In March 2008, Oglesby Construction of Sanford, Fla., was awarded a high-profile, time-sensitive contract on I-95 in the Miami-Dade area.
This contract was for the removal and replacement of an 8-mile section of traffic markings. The task was to remove the three current travel lanes and one HOV lane and then apply new markings to have, in addition to the three travel lanes, two toll lanes.
The Florida DOT narrowed existing freeway lanes from 12 to 11 ft and eliminated a sizable amount of shoulder space to make room for the HOT lanes and necessary tracking equipment. Eventually, the lanes will stretch from I-395 in downtown Miami to Broward Boulevard in Fort Lauderdale. Drivers can take the lanes when they are in a hurry and pay a toll via their SunPass transponder.
The existing road markings were 90 mils of double-applied thermoplastic, and the job specified that the removal could only be done by water blasting so the concrete would not be damaged.
Knowing the sensitive time lines and the performance capabilities of the Stripe Hog Waterblasting System from previous work, Tim Parker of Oglesby contacted Eric Gray, general manager of Waterblasting.com . While other water-blasting contractors could have been contacted, Parker selected Waterblasting.com and their Stripe Hogs because of the reliability of the equipment, simultaneous vacuum recovery and ready availability of multiple units. Simultaneous vacuum recovery was important, because the new markings would be 3M, high-performance tape and they would need to be reapplied in the same night as the existing lines were removed.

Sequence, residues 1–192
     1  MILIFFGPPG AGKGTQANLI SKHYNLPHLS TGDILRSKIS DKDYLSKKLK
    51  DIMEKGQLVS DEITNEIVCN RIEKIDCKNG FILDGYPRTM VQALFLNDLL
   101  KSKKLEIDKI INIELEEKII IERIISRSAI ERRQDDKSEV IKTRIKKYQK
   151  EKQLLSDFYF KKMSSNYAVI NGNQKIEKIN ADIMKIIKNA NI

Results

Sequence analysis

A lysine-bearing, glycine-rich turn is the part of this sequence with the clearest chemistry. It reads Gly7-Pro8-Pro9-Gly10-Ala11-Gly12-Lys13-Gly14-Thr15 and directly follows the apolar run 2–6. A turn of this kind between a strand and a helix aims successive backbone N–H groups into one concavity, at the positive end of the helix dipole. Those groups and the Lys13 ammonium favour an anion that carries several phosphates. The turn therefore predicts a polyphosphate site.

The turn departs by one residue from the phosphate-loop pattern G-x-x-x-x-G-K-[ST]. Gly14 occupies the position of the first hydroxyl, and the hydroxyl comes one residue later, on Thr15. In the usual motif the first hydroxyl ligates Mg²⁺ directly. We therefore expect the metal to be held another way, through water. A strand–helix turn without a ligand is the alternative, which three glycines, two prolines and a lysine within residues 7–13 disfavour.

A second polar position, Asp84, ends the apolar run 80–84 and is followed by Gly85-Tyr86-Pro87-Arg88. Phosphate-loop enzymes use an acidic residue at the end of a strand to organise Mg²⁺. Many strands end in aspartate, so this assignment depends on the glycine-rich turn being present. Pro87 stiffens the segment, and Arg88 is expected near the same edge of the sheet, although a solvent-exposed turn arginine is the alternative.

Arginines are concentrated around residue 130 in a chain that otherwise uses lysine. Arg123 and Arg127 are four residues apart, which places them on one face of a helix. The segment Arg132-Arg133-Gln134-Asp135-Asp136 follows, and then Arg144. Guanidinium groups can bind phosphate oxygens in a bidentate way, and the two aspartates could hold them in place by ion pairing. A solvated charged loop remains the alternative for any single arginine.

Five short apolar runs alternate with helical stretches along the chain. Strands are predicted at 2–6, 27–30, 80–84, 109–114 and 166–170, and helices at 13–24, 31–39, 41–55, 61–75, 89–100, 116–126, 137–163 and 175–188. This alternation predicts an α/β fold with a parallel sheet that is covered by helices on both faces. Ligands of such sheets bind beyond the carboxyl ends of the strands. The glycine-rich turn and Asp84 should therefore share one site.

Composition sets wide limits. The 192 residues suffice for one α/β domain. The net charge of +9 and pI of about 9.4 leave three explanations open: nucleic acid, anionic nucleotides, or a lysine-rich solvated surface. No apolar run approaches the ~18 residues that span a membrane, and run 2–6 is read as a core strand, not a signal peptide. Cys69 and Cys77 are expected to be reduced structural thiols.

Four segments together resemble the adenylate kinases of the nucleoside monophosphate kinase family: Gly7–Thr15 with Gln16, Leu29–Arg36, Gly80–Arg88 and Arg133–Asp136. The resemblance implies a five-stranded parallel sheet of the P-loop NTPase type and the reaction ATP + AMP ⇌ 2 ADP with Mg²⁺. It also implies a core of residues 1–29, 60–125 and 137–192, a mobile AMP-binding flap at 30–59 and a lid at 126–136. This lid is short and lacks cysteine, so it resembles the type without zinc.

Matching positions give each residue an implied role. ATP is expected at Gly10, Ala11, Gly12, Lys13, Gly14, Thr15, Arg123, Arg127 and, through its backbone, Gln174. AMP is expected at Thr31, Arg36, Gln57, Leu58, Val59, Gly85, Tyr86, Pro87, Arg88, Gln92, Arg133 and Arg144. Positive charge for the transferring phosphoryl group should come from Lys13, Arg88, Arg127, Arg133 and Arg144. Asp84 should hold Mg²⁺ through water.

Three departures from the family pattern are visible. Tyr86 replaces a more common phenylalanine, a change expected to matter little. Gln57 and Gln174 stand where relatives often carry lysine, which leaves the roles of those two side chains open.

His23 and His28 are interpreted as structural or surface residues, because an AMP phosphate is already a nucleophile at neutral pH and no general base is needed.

The engineer planned this project so the removal and re-striping of the entire width of the roadway from shoulder to shoulder could be completed each night. This was accomplished by closing all but one lane of I-95. Work also was accomplished every weekend when the DOT allowed longer lane closures for the work zone so the disruption to traffic would be as low as possible.
The first phase of this project began in early March and was completed ahead of schedule by July 1, 2008. The second phase is currently being completed.